Daily Reflection
of Creighton University's Online Ministries
January 25th, 2012

Ken Reed-Bouley

Creighton Center for Service and Justice
Click here for a photo of and information on this writer.

Feast of the Conversion of St. Paul
[519] Acts 22:3-16 or Acts 9:1-22
Psalm 117:1bc, 2
Mark 16:15-18


So how are those New Year’s Resolutions coming? What’s that? You don’t eat healthier, weigh less, exercise more, and rise earlier to pray (or some variation of self-improvement)? Well, take heart. All conversions are not quick and complete the way that we think of St. Paul’s.

The Christian Tradition rightly upholds St. Paul and his radical shift from persecuting Christians to preaching the Gospel of Jesus. I am grateful for his model of a 180 degree conversion and passionate love and action for Jesus. That just doesn’t happen to be many people’s primary experience of how God works in their lives.

There are times in my life that I can quickly and strongly recall when I have felt internally God’s presence and known God’s love. But my experience of God has tended to be a slow, methodical, deepening of faith, often incorporating two steps forward and one step backward, rather than a fast “one and done.”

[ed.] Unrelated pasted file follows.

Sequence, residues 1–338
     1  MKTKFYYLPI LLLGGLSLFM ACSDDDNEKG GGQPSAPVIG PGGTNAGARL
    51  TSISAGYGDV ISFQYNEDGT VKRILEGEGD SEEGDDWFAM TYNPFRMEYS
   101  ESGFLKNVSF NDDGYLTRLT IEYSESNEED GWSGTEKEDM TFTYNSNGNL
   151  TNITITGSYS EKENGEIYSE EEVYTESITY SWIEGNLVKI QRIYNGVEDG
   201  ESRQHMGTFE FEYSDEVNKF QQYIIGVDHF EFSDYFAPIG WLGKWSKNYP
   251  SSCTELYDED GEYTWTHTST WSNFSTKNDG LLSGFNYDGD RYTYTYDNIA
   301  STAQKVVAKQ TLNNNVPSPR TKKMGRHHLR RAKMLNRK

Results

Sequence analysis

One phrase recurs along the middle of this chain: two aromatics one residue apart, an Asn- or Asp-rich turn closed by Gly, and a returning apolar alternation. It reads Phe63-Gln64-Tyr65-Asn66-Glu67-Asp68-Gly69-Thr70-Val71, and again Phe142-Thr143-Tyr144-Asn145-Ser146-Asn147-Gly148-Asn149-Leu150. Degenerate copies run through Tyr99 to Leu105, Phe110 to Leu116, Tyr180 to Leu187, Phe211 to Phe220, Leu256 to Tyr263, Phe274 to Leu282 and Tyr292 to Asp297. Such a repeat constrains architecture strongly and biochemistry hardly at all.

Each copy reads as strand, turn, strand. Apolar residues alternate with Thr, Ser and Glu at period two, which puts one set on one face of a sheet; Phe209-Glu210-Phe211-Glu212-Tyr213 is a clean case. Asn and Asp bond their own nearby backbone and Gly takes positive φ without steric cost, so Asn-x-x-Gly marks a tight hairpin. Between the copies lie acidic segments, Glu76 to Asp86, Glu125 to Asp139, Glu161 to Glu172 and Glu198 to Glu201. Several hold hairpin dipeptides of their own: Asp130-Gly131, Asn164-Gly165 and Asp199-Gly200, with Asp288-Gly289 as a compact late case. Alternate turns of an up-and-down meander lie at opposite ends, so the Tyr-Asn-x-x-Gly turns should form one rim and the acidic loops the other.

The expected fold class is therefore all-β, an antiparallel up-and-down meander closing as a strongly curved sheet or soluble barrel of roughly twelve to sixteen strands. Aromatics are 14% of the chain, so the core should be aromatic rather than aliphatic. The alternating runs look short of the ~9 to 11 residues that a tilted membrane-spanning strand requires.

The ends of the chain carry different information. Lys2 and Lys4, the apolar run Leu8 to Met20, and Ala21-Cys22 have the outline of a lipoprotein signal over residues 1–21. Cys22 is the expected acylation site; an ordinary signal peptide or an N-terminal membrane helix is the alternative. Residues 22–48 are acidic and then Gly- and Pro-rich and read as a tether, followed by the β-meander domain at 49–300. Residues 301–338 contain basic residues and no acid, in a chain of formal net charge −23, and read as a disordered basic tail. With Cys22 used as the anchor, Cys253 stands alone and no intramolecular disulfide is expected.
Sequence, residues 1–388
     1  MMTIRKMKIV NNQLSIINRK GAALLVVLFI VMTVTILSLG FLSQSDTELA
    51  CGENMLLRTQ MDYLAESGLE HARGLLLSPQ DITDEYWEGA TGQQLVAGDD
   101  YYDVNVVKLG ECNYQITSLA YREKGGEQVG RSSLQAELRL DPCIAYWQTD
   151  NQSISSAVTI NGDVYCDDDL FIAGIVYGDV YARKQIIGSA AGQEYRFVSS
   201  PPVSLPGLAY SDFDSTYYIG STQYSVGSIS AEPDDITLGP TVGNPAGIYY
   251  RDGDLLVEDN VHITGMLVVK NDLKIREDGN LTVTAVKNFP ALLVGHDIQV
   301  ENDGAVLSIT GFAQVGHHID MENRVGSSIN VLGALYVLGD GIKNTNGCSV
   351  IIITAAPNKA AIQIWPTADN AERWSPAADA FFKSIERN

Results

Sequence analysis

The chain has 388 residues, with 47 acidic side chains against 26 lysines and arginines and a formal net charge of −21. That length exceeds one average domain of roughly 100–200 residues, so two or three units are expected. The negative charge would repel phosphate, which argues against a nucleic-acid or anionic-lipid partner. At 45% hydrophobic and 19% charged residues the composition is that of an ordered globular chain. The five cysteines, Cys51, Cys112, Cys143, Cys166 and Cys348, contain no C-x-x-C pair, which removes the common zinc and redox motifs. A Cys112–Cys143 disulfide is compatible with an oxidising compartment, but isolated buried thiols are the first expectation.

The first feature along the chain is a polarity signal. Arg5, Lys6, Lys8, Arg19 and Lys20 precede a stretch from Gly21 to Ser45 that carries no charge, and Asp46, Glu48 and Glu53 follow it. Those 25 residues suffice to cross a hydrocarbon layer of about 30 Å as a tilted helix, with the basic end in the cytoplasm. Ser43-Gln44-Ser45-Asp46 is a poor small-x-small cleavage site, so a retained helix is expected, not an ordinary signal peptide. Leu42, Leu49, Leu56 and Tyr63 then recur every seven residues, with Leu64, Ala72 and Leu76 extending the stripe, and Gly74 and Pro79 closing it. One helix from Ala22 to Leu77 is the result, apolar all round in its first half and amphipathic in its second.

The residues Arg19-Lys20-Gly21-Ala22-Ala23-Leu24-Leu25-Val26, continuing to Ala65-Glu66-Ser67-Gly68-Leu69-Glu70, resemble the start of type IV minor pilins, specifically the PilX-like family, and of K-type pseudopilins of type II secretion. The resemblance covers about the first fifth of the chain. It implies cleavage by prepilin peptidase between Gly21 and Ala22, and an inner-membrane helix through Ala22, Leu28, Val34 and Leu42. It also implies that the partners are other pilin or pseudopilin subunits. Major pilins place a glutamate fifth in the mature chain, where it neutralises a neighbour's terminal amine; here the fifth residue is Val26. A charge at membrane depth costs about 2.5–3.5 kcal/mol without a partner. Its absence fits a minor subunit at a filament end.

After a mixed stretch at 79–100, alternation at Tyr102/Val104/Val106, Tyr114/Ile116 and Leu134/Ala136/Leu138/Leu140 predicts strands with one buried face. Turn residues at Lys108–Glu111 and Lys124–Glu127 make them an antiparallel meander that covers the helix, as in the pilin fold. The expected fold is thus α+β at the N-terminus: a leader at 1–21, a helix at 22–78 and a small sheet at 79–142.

Some Christian faith traditions have tended to emphasize the Pauline “blinded by the light” moment of conversion, being born again at a particular time and place. Others have recognized a slow, patient, sometimes monotonous conversion over a lifetime of prayer, ritual, and good habits. I believe the “good news” is that God can (and does) work both ways, sometimes with the same person.

So please read and admire and appreciate St. Paul’s radical conversion story. Then read the wisdom of a wonderful Jesuit, paleontologist, and mystic who died in 1955, Pierre Teilhard de Chardin, S.J:

Above all, trust in the slow work of God.
We are quite naturally impatient in everything to reach the end without delay.
We should like to skip the intermediate stages.
We are impatient of being on the way to something unknown, something new.
And yet it is the law of all progress that it is made by passing through some stages of instability--and that it may take a very long time.
And so I think it is with you.
Your ideas mature gradually--let them grow,
Let them shape themselves, without undue haste.
Don't try to force them on, as though you could be today
what time will make of you tomorrow.
Only God could say what this new spirit gradually forming within you will be.
Give our Lord the benefit of believing that his hand is leading you,
and accept the anxiety of feeling yourself in suspense and incomplete.

-Teilhard de Chardin, S.J. from The Making of the Mind

 Dear God, quickly or slowly or a little of both, please help us to grow ever closer to You, converting ever deeper to your love and desires for us and our world. Amen.

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